Dried fish, pasalubong store venture and Sinulog visitors

By: Rosalie O. Abatayo January 07,2018 - 09:44 PM

The Desamparado couple, Mely and Boy, continue to grow their 30-year-old dried fish and pasalubong store business Niño and Khristy Drief Fish and Pasalubong Store in the Taboan Public Market. CDN PHOTO/Rosalie O. Abatayo

Couple gears up for sales surge from Sinulog tourists of their 32-year Taboan business

As the Sinulog beat begins to fill up the air, the excitement for the festivities are beyond visible — from the crowded ports, fully booked hotels, down to the dizzying number of diners in mall-based restaurants. The crowd that Sinulog draws to Cebu brings opportunity for every entrepreneur before, during and after the Grand Mardi Gras on January 21.

Mely Desamparado looks forward to bountiful sales of dried fish and Cebuano delicacies as foreign and local visitors will shop for pasalubong items after the festivities.

They are looking forward to this month, the Sinulog month, which is one of the peak times for their business with foreign and local tourists as their target market.

Mely and her husband, Boy, manage their 32-year-old dried fish and pasalubong store in the Taboan Public Market which is named after their eldest children, Niño and Khristy.

Mely also said that aside from the Sinulog month, the Holy Week is also a good time for them.

How they started

Niño and Khristy were born in 1985, the same year that their parents started their store in the Taboan Public Market along Tres de Abril St. in Cebu City.

Their products include the renowned danggit (rabbitfish) from Bantayan Island, pinikas (drief fish, halved), dried squid, and Cebuano delicacies such as otap, rosquillos and dried mangoes.

Mely and Boy, who both hail from Bantayan Island in northern Cebu, have been in the dried fish business since they could remember. Boy was selling dried fish for his mother, who used to ship dried fish from Bantayan when he was still in his teens, while Mely was a store helper in one of the dried fish stores in Taboan then.

“Maningkamot gyod ka, kay kung di ka molihok di ka kakaon hasta imong pamilya (You really have to work hard because if you will not, then you could not provide for your family),” said Mely.

Consigned products

When they started on their own, the couple consigned dried fish from Boy’s mother, so they could pay for the cost of the goods when all of them would be sold.

With her experience in selling dried fish as a saleslady of a dried fish store, then 24-year-old Mely was confident and optimistic when she and Boy put up their own dried fish stall in the market.

“Sa negosyo, ang imong puhonan ra gyod kay kining guts nga di ka maulaw, kay kung maulaw ka, wa gyod kay mahimo. Kung di ka manghagad di gyod ka mahalinan. Naa gyod kay imong ambisyon (In this business, your investment is your determination to sell your products. If you are too shy to offer your products, then you cannot sell and make any profit. You have to have ambition and passion to grow your business),” said Mely.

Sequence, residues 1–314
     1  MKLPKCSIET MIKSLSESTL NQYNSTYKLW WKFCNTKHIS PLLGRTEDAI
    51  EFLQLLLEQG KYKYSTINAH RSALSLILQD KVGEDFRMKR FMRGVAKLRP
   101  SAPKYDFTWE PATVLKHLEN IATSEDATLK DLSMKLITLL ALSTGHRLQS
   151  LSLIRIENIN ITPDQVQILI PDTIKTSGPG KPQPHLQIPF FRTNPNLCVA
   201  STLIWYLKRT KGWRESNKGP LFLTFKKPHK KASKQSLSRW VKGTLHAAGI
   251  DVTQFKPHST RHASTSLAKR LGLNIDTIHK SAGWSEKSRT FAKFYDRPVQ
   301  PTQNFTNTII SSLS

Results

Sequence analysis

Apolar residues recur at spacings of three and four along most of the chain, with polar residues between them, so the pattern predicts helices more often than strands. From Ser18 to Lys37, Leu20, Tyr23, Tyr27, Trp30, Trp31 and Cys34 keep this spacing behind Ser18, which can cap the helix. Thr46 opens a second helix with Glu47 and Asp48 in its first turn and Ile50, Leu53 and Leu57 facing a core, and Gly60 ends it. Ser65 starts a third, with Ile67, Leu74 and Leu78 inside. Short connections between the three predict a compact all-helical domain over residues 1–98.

For Mely, there is no certainty of success in any business.

“Di man gyod ka kasiguro sa panahon. Naa’y kusog, naay hinay. Naa ra gyod na nimo kung unsaon nimo pag-istorya ang customer nga mahalinan ka (There are times when our sales are high, but sometimes there are also times when our sales are low. But it will depend on how one will interact with one’s customers to close a sale),” she said.

In more than three decades in their business, Mely recalled some times when she was discouraged to continue because of losses.

She said that she used to give her goods for consignment but some could not pay her in time.

Overcoming challenges

“Ma-down baya ka ana kay balik napod ka sa uno, pinangita og puhonan para makabalik kag tinda (One would sometimes feel discouraged when faced with challenges in the business because one would have to be back to square one, where one would have to look for capital to sustain the business),” said Mely.

Her trust in God, however, helped her and her husband to persevere and overcome these challenges.

“Kung naay magpautang, mangutang ta pero siguro gyod nga bayaran. Di man ta moasenso anang utang nga di bayran kay makakita man ang Ginoo nga nanglupig ka (I used to borrow money to sustain the business, but I always make sure that I pay my debts. One can never succeed in business if one will not pay one’s debts because God sees that one is taking advantage of somebody),” she said.

Family business

Anchored by the couple’s persistence and faith, Niño and Khristy Dried Fish and Pasalubong has expanded and now occupies two store spaces in Taboan Public Market.

Aside from that, Mely and Boy has also expanded to supplying dried fish products to popular hotels and restaurants in Metro Cebu.

Their business had provided for their needs including the education of their six children.

The couple now have a business administration graduate, two nurses, two seamen and a police officer in the making.

During their free time, the children of the Desamparados also help in their store. Aside from that, Mely’s sister and nieces are also helping the couple to man the store.

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TAGS: dried fish, pasalubong, Sinulog Festival, store, venture, visitors

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